In a survey conducted by Pew after the election, 96 percent of those who cast votes for Trump said they were hopeful; 74 percent said they were “proud.” They were almost unanimous in their expectation that Trump will have a successful first term.
.. “Whether or not Trump can or should attempt to reverse the decline in manufacturing jobs is not the big story here. He can’t,” Tim Duy, a professor of economics at the University of Oregon and a critic of Trump’s policies, wrote on his blog on Sunday:
The real story is that he continues to tap into the anger of his voters about being left behind. That will give him much more power than our criticisms will take away.
Validation of voter grievances, in and of itself, is a powerful political and psychological tool.
.. What Gold and others are less certain of is how long-lasting the beneficial effects of simple recognition will be in addressing the deep reservoir of white estrangement and hopelessness that survey data has revealed.
.. Among the poor, controlling for socio-demographic factors, blacks are by far the most optimistic cohort, and are close to three times more likely to be higher up on the optimism scale than poor whites.
.. Whites whom he studied, Assari reported, were less resilient, had higher suicide rates and reported higher levels of pain in their daily lives than blacks did.
.. An important approach to depression in the psychological and evolutionary literature has been to view it as an evolved response to “involuntary subordination,” to being displaced from dominance. This is exactly what happens when you have to accept a subordinate position on a status ladder because you lost your job and can’t find a comparable one.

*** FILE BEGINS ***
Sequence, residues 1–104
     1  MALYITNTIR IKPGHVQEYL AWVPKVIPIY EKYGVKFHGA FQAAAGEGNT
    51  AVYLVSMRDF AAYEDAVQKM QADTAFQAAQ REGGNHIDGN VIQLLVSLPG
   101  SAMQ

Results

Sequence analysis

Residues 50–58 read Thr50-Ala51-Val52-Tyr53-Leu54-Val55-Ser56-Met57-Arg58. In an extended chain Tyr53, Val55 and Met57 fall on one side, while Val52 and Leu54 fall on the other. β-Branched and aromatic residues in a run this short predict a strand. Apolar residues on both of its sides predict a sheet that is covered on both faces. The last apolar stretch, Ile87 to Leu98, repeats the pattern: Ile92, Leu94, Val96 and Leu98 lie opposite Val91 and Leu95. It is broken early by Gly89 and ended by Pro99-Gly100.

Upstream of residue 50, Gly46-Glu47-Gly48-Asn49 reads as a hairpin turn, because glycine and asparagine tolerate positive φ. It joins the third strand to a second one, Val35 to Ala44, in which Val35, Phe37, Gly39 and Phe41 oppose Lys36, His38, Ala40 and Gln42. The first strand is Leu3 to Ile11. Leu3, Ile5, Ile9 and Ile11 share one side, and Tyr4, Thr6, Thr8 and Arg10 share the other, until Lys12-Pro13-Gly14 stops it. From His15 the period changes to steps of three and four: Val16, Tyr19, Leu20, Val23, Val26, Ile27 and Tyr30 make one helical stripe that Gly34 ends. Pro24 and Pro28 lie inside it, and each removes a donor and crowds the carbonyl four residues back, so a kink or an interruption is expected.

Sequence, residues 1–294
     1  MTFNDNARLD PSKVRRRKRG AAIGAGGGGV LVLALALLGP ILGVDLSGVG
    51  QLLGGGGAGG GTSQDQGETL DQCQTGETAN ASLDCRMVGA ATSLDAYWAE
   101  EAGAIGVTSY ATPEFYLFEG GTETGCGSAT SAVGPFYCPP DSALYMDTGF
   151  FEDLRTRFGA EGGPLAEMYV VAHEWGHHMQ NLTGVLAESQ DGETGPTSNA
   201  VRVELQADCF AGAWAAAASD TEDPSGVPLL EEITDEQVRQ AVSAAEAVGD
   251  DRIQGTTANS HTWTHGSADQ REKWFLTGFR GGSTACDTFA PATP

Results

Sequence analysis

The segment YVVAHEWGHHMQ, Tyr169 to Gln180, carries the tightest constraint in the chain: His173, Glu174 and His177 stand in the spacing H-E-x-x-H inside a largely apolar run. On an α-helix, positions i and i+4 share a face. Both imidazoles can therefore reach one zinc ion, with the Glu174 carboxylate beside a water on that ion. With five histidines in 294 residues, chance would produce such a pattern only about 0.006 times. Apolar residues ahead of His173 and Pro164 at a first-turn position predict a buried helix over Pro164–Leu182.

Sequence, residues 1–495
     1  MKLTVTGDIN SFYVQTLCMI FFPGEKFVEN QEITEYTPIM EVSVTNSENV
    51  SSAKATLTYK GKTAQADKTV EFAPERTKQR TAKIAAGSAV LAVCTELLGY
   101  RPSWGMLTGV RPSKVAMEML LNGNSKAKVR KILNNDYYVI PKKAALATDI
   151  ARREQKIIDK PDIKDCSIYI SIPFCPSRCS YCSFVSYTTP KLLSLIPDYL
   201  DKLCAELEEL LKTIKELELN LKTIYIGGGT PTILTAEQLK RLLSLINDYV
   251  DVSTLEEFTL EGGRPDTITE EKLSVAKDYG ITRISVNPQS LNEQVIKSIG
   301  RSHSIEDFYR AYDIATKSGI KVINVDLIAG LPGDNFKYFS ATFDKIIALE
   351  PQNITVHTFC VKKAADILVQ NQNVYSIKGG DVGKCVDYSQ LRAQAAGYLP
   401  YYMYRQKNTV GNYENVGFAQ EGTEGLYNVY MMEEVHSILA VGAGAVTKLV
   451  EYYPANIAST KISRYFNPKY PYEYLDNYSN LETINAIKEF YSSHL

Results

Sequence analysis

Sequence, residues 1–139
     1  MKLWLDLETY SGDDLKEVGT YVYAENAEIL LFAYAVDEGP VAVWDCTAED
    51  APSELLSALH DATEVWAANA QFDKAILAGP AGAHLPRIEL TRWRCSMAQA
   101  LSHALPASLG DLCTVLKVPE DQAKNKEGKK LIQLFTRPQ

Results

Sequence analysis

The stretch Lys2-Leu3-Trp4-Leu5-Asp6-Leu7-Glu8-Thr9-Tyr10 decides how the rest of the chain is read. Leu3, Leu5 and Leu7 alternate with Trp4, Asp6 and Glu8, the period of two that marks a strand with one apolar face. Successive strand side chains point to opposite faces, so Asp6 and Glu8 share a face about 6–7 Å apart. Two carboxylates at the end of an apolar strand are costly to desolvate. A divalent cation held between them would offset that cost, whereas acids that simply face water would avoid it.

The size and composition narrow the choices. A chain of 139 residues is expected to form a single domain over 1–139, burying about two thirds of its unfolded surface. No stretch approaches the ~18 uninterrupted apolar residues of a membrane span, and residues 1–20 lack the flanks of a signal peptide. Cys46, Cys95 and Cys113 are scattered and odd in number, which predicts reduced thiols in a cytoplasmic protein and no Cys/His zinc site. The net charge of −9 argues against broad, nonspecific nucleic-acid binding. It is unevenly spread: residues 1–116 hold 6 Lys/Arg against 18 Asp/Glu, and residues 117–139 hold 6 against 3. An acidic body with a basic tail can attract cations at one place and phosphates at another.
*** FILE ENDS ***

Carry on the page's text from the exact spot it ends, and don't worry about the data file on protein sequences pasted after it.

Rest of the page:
.. The loser’s best choice, according to Gilbert’s research, is “aggression suppression” — acquiescence to involuntary subordination.
.. People may recognize that they have to behave submissively to reduce the tensions or threats between themselves and a more dominant and powerful other, and feel relief when they succeed, but they may still harbor desires for later revenge.
.. A loss of a job or other events that lower a person’s rank, status, or capacity to make an adequate living are the most malignant stressors that people experience. Most people internalize the event and hold themselves responsible. They are most prone to depression after such a loss.
.. The results can be psychologically excruciating:
The sense of vulnerability that people who lose rank experience is tremendous. They are often ashamed of the loss. They feel it is their fault. They fear that people will no longer be interested in them and that they will be alone. Loss of self-respect is the most fundamental of losses.
.. The obvious question is what will happen if, over time, Trump disappoints his buoyant supporters and revives their feelings of discontent and estrangement. How will they respond to continued economic marginalization and a failure on Trump’s part to produce sufficient numbers of good jobs at good pay?
.. If rising expectations are thwarted, the radical white nationalism of the alt-right holds the potential to become more broadly attractive. Disheartened voters can quickly become a caldron of resentment and discontent. They may seek out a leader who promises solutions even more sweeping and uncompromising than the ones Trump has proposed. There is no way to predict where anger will lead if the promises Trump made do not materialize, and if the numbers of those marginalized by hyper competition— by automation, offshoring, skill mismatch and the forces of globalization — continue to increase inexorably. Where will the blame fall then?